New to goats, urgent Mastitis question

Discussion in 'Goats' started by norsebear, Mar 4, 2005.

  1. norsebear

    norsebear Member

    Messages:
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    Joined:
    Mar 4, 2005
    Location:
    MO (far s.w. mo. on ar. state line)
    Hello folks,
    we just started homesteading and raising a couple of goats. We bought a pregnant pygmy goat and she had 4 kids day before yesterday that were all still born. Now it seems her milk is starting to come in but she has nothing to nurse. We are worried she may develop mastitis and even if she doesn't we don't know what to do now. Will the milk go away?

    We would be very thankful if you could help us with these questions.

    Thanks for your time,
    Mike
     
  2. eggladyj

    eggladyj Well-Known Member

    Messages:
    50
    Joined:
    Dec 23, 2004
    Location:
    Oklahoma
    So sorry for your loss! Can't imagine what I would do.

    I'm no expert by any means, but I'm sure she will develop a problem if you do nothing. Are you not interested in milking her to make cheese and/or yogurt? That is what I would do! The first 'milk' she has is colostrum and I would milk it out and save it for future use in case of a disaster, it freezes well. I'm not sure how long it takes for the mothers hormonal stuff to clear from the milk but once that has happened you can milk your girl twice a day and save up untill you have enough to make something with it! Check out these sites and you should find the info you need;

    http://kinne.net/index.html This one is exclusively about Pygmy Goats.

    http://fiascofarm.com/ This one is about dairy goats.

    These are my two favorites for getting the skinny on stuff! Good luck with your girl, I'm sure she is suffering from the loss as you are and needs extra attention more than ever!

    Jeannine
     

  3. debitaber

    debitaber Well-Known Member

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    Jun 6, 2003
    by all means milk her out twice a day, she will have colustrum in her milk, for a while. when I have extra, I freeze it and mark it day one , day two, and so forth. I have a doe right now, that has 2 week old twins, she still has colustrum in her milk. I think the vet said as a general rule it is only in the milk 7 dyas, but mine usually have it in their milk a full 14 days, after that the milk is sweet, then you know the colusturn is out of the milk. and you can make yogurt, cheese, soap, lots of things you can di with the milk. IF you dont' want to milk her, then just milk her twice a day for a month, then drop to once a day, then every other day, then she will pretty much stop making milk. IF you just let her go , she can get mastitis, or milk fever , or something else. so just do acordingly, and she should be fine. by freezing the milk, you can be sure that if you need it in the future you will have it.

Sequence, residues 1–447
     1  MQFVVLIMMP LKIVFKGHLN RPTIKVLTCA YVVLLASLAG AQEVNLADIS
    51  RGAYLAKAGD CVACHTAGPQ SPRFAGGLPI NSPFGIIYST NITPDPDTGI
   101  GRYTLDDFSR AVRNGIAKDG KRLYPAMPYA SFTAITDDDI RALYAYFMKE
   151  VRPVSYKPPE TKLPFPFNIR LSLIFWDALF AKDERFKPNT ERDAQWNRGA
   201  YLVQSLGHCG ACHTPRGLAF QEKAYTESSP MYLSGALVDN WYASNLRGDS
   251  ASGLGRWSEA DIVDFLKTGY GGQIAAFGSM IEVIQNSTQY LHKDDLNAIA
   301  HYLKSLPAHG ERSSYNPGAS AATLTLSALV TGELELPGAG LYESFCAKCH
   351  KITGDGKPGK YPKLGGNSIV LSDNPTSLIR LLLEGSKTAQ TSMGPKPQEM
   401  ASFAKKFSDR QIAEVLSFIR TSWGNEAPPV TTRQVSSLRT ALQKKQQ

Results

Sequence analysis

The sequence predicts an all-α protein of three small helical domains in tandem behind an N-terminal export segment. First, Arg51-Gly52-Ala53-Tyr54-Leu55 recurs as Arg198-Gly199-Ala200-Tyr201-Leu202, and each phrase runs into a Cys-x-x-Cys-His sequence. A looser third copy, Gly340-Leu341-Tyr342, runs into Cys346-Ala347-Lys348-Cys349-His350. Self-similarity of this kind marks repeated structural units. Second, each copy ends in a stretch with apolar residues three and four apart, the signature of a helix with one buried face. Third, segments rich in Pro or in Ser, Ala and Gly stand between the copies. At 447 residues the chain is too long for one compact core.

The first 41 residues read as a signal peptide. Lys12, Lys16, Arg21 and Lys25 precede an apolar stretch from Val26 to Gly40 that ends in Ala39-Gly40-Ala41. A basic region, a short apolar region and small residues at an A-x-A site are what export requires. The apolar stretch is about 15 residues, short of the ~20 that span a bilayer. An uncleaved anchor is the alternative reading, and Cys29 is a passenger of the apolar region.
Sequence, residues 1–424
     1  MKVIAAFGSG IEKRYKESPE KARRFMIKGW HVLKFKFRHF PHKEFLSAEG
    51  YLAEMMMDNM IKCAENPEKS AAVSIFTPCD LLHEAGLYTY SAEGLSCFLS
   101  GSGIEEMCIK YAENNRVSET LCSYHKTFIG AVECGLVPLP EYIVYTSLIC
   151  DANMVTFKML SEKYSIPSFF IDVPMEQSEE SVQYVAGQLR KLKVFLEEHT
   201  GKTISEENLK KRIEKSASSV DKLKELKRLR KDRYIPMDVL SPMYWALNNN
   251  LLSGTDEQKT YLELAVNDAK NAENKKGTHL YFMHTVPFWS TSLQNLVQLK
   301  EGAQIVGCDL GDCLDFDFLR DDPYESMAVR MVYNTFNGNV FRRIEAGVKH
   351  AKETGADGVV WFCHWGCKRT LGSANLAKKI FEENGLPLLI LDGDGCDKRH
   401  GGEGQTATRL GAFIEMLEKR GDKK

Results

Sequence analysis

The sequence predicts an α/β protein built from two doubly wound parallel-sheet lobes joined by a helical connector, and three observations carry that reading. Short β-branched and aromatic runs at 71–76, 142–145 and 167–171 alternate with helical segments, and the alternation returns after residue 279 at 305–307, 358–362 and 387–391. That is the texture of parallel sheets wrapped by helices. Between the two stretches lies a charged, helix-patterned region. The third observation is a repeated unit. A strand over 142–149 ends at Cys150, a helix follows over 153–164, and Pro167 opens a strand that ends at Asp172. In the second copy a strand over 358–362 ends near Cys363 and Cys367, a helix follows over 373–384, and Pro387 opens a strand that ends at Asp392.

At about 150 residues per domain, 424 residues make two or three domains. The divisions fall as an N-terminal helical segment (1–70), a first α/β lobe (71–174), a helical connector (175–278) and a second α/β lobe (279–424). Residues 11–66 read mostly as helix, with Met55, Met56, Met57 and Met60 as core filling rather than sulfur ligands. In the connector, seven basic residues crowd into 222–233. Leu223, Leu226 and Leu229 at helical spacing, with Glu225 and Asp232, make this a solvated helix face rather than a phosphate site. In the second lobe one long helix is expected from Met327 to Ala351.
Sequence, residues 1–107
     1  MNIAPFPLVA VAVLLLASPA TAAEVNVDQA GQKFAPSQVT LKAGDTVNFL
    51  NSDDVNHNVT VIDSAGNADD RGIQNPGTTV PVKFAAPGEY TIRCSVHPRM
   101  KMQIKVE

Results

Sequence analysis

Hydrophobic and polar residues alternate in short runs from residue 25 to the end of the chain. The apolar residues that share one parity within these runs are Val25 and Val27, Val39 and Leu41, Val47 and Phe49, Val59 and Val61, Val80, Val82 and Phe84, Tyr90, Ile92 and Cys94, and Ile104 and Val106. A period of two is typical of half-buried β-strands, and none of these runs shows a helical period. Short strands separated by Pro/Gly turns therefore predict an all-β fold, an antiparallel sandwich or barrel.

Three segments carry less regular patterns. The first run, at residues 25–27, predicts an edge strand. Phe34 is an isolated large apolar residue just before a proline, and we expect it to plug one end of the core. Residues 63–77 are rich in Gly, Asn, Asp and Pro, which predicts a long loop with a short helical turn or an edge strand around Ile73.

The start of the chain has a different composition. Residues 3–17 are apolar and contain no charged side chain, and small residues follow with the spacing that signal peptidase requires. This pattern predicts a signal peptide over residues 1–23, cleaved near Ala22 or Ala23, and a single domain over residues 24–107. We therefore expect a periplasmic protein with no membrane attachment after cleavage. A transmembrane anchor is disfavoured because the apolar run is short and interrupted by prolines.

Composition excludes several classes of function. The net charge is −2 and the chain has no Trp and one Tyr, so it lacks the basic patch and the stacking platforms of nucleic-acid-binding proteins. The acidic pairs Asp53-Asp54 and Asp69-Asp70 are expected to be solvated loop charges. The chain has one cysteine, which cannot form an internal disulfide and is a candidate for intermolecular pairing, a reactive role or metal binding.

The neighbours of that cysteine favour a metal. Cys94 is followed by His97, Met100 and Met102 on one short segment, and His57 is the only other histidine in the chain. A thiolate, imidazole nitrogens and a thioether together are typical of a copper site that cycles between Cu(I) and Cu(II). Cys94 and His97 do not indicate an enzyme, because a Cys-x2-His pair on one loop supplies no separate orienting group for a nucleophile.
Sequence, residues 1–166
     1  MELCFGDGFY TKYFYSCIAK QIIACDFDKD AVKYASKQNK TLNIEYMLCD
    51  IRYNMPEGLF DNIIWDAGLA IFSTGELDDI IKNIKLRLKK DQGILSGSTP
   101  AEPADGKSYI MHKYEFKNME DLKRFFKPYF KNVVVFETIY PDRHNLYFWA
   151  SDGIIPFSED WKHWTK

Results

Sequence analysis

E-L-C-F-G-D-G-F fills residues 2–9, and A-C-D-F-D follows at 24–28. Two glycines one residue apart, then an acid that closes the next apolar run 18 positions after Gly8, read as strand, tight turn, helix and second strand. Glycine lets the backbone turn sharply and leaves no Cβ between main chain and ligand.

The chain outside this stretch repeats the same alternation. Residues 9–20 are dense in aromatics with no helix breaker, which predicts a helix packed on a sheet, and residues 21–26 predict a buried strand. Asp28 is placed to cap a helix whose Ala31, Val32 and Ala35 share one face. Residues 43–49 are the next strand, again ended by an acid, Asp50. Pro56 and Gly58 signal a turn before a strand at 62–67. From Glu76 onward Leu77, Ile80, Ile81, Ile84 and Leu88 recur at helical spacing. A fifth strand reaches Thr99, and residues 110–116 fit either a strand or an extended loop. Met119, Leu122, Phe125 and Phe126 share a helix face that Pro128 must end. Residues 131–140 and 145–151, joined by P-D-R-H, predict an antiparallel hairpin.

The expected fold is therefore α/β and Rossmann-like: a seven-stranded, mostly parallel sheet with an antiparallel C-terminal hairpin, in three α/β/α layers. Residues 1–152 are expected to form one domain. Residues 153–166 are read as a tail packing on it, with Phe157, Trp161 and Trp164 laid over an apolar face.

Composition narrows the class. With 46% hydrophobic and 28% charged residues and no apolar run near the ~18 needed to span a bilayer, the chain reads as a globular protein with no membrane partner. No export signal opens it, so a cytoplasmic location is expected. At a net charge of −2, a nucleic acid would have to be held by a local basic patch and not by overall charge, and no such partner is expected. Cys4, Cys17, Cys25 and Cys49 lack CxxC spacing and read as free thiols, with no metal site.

I had a doe last year, that was a first freshener, and she didn't get her milk in for the first 12 hours, so I used my frozen milk, and her kids got a great start,.
     
  4. shorty'smom

    shorty'smom Well-Known Member

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    Feb 17, 2005
    Location:
    northern Oklahoma
    I would begin milking her and freezing it up. You never know but that you'll need that milk for other kids sometime.
     
  5. Milking Mom

    Milking Mom COTTON EYED DOES

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    Oct 2, 2004
    Location:
    Texas
    If you don't want to bother milking her go to another person that has dairy goats and buy 2 tubes of TOMORROW (an infusable antibiotic to infuse directly into the udder for the prevention of mastitis in dry does/cows. Stays in the udder and will eventually be absorbed) from them. Wash the doe's udder really well, wipe down the teats with alcohol pads. Infuse one tube of Tomorrow into each side of the udder. Pinch off the end of the teat and "strip" the medicine up into the udder and massage well. Spray the teats well or dip them in a bleach water solution, let her stand for 5 minutes to drip dry and let her go. She will dry up. If you don't know of anybody that might have some Tomorrow then you can buy a box of it from Tractor Supply but it is about 30.00 a box. Would be cheaper to just get a couple tubes from someone you know, even a dairy cow farmer probably has some on hand. You don't have to back off milking slowly, just not milking will cause her to dry up because there is no demand for more milk to be made.